Recently in Corporate Dronehood Category

Eat your heart out, MacGyver
January 19, 2012 10:33 PM | Posted in:

I knew when I accepted my new job that I'd be doing a wide variety of things, but I never anticipated I'd be doing CSI-type work.

Earlier this week our Denver IT group was troubleshooting some network issues that were slowing down our work. In order to diagnose the issue, they needed to know which ports some of our computers were connected to.

The problem is that in certain offices, the furniture has been conveniently placed in front of the wall ports, and that furniture weighs approximately the same as the USS Nimitz. In other words, it's not moving. This presents quite a challenge in discerning the ports' identities, which are a combination of letters and numbers that correspond to their switch connections in our server room.

My challenge therefore was to figure out a way to identify a specific port which was obscured by a desk that had about 3" of clearance from the wall. So here's what I did.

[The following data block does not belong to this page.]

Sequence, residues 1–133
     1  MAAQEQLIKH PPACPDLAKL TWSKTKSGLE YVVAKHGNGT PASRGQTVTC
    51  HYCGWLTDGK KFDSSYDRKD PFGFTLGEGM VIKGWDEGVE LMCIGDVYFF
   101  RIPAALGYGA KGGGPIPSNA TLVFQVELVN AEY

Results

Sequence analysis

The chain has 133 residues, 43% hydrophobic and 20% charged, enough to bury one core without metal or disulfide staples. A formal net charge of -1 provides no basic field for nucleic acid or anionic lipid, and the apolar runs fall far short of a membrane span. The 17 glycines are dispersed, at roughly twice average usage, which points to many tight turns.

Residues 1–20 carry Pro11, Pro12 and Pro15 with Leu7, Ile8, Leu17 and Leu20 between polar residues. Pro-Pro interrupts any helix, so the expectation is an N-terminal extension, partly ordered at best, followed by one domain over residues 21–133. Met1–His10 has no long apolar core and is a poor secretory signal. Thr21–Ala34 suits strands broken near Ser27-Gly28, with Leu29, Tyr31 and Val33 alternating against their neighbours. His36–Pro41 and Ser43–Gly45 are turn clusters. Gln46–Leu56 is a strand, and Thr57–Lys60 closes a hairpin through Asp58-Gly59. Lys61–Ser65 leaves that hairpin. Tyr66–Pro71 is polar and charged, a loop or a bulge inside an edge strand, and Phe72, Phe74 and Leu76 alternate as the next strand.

I went home at lunch and found my little extension mirror, the one that looks like a dentist's mirror on the end of a radio antenna (for those old enough to remember telescoping car radio antennae). When fully extended, I could contort myself enough to get the mirror positioned in front of the wall port and read the labeling. Sort of. The real problem is that my bifocals aren't synched up with the mirror. Plus there's that whole "mirror image" thing that hurts my brain trying to interpret what I'm barely seeing. Then there was the complicating factor of the darkness behind the desk. Gee, if there was only some way to light the scene, capture an image, and then manipulate it so that I could confirm that I was reading the wall plate accurately.